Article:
I use a variety of knives that you can find here. Wüsthof is my preferred brand, but I also like Global, Hammer Stahl, and Mercer (the most economical of the brands I’ve listed).
If you’re not sure where to start, buy an 8-inch chef’s knife. That will do almost everything. Other knives you may want to eventually consider (in order of how often I use them):
- Paring knife
- Serrated bread knife
- Boning Knife
Tip 16: Use a sharp vegetable peeler
Every article discuses the importance of sharp knives, but I rarely see peelers mentioned. This one is my favorite. If you’ve had the same vegetable peeler for years, it’s time to replace it. A dull peeler is an injury waiting to happen.
How can you tell if it’s dull? When you peel a carrot or potato, the skin should glide right off without any effort. You should barely have to push.
Tip 17: Place a damp dishtowel underneath your cutting board
A damp dish towel will help stabilize your cutting board if it’s sliding around. You don’t want it moving while you’re using the knife.
Tip 18: Parchment sheets are better than rolls
Measure your sheet pan and buy the same sized parchment sheets. They come in all sizes, including round sheets for cake pans and square sheets with little overhanging bits for easily lifting.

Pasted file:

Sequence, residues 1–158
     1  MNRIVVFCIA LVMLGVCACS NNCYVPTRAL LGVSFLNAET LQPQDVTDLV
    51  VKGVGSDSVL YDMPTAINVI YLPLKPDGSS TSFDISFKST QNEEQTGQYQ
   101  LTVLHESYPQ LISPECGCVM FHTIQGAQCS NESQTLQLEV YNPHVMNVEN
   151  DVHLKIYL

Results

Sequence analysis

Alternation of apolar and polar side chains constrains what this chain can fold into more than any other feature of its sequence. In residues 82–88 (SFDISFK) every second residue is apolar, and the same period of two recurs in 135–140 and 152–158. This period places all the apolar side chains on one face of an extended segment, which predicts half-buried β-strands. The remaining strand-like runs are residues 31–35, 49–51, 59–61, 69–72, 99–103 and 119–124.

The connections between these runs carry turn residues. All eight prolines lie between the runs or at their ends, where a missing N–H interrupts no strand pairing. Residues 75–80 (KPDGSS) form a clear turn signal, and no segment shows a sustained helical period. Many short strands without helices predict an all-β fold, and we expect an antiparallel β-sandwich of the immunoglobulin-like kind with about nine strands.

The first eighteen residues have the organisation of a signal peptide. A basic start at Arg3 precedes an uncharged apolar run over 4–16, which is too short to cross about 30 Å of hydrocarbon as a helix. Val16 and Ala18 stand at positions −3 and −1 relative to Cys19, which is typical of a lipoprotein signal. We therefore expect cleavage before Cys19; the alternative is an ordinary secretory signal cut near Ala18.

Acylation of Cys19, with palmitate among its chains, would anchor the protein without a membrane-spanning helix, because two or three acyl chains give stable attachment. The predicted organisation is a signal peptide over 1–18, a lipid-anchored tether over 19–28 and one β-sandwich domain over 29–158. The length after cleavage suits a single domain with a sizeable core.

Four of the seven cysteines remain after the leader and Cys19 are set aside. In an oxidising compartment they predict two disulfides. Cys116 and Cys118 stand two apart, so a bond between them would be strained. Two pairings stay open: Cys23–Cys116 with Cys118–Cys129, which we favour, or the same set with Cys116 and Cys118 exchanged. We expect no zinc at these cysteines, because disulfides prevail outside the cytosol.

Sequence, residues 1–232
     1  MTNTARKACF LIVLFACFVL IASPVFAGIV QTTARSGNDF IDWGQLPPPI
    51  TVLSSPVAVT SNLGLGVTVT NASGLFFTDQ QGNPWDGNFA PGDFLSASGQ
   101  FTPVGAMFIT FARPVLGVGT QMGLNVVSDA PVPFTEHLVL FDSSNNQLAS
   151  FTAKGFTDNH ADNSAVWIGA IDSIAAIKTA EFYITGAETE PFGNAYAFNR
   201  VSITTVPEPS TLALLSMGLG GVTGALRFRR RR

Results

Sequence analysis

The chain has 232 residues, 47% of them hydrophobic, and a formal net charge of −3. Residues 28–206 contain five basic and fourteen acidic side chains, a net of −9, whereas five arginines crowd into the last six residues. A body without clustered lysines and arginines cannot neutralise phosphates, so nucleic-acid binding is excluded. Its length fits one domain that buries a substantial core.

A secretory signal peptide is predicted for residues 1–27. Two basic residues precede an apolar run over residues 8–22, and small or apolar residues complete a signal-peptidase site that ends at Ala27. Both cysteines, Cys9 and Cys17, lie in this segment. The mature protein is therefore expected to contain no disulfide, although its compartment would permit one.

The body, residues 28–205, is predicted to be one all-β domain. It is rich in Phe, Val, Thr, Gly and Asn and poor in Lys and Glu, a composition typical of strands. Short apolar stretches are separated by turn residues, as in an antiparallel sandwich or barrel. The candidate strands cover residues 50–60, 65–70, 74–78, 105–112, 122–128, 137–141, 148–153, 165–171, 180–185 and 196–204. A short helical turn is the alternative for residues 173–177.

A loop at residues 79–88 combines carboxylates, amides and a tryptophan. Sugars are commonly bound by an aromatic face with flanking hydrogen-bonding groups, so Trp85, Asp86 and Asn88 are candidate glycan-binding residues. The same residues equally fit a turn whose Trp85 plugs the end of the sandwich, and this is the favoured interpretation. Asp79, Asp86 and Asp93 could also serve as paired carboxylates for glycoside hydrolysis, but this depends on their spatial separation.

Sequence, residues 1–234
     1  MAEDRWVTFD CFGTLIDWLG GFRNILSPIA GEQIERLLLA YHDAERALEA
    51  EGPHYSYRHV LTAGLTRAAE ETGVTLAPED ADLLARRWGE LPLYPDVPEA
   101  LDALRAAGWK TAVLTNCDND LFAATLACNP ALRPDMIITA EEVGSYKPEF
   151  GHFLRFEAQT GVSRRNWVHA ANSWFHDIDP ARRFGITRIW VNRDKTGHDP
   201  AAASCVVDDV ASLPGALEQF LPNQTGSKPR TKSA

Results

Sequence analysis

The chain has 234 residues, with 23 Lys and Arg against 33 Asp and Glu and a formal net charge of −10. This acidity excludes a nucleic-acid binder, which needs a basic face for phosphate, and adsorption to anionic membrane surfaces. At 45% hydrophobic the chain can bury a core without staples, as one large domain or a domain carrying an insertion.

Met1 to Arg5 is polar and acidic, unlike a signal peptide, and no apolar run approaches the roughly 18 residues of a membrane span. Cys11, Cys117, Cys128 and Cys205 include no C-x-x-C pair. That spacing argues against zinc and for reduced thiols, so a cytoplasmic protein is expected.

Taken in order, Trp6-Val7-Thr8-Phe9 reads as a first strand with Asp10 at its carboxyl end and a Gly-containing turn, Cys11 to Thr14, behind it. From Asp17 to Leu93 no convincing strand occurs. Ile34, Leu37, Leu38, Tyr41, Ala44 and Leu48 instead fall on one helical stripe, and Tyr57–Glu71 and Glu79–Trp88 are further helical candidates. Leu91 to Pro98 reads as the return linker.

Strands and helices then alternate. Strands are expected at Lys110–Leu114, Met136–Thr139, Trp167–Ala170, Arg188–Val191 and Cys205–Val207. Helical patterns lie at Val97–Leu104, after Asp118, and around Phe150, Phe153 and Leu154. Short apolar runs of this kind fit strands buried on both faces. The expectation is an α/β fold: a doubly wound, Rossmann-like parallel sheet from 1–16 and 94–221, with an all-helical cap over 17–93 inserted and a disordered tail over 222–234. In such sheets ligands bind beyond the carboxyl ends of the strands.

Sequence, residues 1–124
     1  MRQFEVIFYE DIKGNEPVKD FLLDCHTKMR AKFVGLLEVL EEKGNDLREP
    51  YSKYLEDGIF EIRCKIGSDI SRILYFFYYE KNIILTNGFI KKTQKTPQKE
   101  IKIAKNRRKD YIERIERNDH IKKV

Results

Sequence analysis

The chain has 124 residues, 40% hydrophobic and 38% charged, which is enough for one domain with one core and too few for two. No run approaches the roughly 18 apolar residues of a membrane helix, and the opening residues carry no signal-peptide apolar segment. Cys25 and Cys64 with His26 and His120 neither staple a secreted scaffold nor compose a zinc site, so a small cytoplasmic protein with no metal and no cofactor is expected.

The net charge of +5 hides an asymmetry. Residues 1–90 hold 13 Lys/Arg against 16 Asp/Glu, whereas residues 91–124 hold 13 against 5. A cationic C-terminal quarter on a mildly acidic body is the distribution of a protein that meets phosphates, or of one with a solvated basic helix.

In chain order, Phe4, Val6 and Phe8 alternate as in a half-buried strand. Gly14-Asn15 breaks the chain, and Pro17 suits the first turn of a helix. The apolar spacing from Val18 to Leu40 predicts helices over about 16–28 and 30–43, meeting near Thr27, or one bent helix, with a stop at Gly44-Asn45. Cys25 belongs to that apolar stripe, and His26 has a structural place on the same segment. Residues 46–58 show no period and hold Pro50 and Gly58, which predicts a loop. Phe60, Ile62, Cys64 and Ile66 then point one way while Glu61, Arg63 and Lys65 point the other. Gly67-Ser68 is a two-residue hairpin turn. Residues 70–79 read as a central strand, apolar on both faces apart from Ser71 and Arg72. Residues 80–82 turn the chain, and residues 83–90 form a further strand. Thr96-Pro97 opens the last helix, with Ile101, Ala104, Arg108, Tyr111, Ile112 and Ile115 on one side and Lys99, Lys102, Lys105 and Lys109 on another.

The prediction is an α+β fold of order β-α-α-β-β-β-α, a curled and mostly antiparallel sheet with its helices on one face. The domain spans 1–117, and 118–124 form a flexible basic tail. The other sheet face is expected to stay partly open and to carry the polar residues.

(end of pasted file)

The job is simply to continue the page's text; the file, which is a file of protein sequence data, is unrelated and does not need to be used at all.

No more struggling to keep parchment flat! They also wind up being more economical.
Tip 19: Stock up on deli cups
These are the plastic containers your delivery wonton soup arrive in. I’m always saving them; they’re perfect for mise en place AND storing leftovers. Plus, they stack up nicely.
Tip 20: Think ahead
Think of my final kitchen tip as advanced mise en place. I’m horrible at chess, because I can’t visualize several moves ahead like you’re supposed to. I have no end game. However, I spend enough time in the kitchen that it’s sort of become my own version of chess.
I’m always thinking several steps ahead and preparing along the way. How to time things, what tools I’ll need, serving plates, garnishes, etc. It turns into a kitchen dance. Practice this; it gets easier the more you cook.
More Kitchen Tips
If you found these kitchen tips helpful, you may also like these posts!
Your very first tip should have been: “Don’t Dress Like the Chefs in the Picture!” If you’re a home cook, do NOT wear white while cooking. This is especially trues if you’re cooking with tomatoes!
Get yourself an apron — preferably black — and wear it.
Jennifer Farley says
That might be a good candidate for a general kitchen tips article, but as the title says, this one is “20 kitchen tips I learned AT culinary school.” :)
Linda wolpert says
Super helpful and informative article. Thank you!
Rick Sievering says
I miss the Pattersons ……. best to Sandy and Brian.